SINGAPORE - He needs special tools to be able to study - a pocket-sized magnifying glass, a hand-held electronic magnifier and a bulkier video magnifier.
Mr Aloysius Lim, 19, a student from the Millennia Institute, relies on these instruments daily to read and write.
He has an inherited eye condition called Leber Hereditary Optic Neuropathy.
It affects the central vision, making reading normal-sized text difficult, if not impossible.
"When studying, I need a magnifier to see a larger size of text. I also need more time to go through the materials," he explained.
Spectacles cannot help. Mr Lim uses the magnifying glass and electronic magnifier for his reading in class, and the bulkier video magnifier for writing and drawing at home and during exams.
There are other challenges. Every day when he goes to school, he has difficulty boarding the correct bus, because he is unable to see the numbers clearly.
Mr Lim was diagnosed with the condition when he was 13. His older brother and uncle also suffer from the same condition.
Because of his condition, Mr Lim said that to study and prepare for the examinations, he took twice as long as his peers did.
When he took his A levels last year, he was given extra time to complete his papers.
The teen's hard work and perseverance has paid off. He received his A-level results on Friday and scored three As in H1 Chinese, H1 Mathematics and H2 Accounting.
Form teacher Sathiabhavani Pillai said his good results were not unexpected.
"He's very responsible and diligent. Seeing the way he has coped in classes, his performance is very remarkable," she said.
Despite his condition, Mr Lim's side vision is not affected - he can actually see more clearly from the sides.
The teen goes for annual medical checkups and said doctors told him his condition has now stabilised.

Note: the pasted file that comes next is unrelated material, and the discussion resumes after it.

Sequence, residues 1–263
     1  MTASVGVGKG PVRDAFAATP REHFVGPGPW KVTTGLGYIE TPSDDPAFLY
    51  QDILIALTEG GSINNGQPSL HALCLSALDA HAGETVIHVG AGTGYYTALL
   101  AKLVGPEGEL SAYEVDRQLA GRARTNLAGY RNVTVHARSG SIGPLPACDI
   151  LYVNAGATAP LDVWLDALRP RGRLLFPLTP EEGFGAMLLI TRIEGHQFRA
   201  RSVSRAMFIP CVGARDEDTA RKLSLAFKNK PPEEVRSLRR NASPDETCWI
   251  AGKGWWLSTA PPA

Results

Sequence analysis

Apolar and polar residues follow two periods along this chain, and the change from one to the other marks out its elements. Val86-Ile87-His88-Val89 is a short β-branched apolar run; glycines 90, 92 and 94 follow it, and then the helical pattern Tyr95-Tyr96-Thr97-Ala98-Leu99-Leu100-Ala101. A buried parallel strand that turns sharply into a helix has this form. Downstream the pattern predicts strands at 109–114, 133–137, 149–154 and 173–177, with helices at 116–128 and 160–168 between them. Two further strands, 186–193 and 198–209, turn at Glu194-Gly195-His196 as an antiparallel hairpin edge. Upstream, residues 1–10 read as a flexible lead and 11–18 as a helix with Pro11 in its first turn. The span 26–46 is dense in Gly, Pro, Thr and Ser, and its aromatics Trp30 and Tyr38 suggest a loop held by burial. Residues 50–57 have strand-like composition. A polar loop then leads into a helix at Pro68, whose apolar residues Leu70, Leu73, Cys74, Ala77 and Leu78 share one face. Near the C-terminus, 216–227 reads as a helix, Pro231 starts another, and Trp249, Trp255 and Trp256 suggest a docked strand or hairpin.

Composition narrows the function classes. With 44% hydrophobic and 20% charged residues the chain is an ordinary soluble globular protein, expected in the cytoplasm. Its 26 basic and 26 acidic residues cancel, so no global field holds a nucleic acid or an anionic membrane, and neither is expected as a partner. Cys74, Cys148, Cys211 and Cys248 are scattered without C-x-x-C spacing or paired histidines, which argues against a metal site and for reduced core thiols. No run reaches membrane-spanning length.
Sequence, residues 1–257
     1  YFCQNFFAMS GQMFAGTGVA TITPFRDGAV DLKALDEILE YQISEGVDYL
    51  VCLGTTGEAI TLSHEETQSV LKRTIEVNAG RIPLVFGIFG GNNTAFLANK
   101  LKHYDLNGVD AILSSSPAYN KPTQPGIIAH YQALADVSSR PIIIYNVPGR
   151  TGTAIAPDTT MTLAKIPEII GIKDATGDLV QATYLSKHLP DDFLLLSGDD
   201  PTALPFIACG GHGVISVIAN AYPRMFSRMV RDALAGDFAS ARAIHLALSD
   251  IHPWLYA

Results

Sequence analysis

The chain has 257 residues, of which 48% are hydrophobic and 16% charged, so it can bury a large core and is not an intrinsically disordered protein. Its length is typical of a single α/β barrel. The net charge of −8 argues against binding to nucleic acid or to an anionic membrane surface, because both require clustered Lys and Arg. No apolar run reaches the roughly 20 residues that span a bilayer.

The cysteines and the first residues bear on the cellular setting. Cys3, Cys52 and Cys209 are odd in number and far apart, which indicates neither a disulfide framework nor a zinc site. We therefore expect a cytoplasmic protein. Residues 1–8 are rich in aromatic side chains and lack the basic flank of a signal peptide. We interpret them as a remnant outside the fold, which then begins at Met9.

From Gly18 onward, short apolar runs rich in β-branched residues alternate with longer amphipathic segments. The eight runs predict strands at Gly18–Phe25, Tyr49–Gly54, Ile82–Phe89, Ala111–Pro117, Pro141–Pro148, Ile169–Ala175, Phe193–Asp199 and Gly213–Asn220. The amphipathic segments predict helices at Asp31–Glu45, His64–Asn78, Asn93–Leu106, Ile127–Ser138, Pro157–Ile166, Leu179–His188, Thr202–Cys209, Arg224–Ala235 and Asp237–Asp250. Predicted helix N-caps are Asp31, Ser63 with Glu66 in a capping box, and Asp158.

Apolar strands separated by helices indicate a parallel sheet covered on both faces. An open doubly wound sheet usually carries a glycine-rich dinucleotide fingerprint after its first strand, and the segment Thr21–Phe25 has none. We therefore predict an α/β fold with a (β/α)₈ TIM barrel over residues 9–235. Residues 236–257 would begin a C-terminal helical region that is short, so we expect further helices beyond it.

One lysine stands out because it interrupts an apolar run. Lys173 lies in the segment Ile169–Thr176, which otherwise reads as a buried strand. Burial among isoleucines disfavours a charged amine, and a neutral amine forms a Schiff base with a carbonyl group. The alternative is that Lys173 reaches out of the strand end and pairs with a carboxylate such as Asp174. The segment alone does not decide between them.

Losing his eyesight
Started in Primary 6
Mr Lim remembers the time when he first noticed there was something amiss with his sight.
He was in Primary 6, and had noticed a deterioration in the vision of his left eye.
Despite being seated in the front row in class, he could not see what was written on the whiteboard clearly. A visit to the doctor confirmed his worst fears.
"I was quite worried then because I knew it had something to do with genetics," he said.
He recounted how his peers in secondary school would poke fun at him because of the special tools he needed for reading.
But seven years later, Mr Lim said he has accepted his condition. When he was younger, he would watch how his brother used the same tools for reading and writing.
Miss Pillai said teachers and classmates were always willing to help him out.
When it comes to class notes, she made sure to print in a larger font size and on A3 paper.
"He's quiet, but has a warm personality. Even though he knows that help is always available for him, he prefers to be independent," she said.
Mr Lim, who is exempted from National Service because of his condition, intends to pursue a degree in accounting at a local university.
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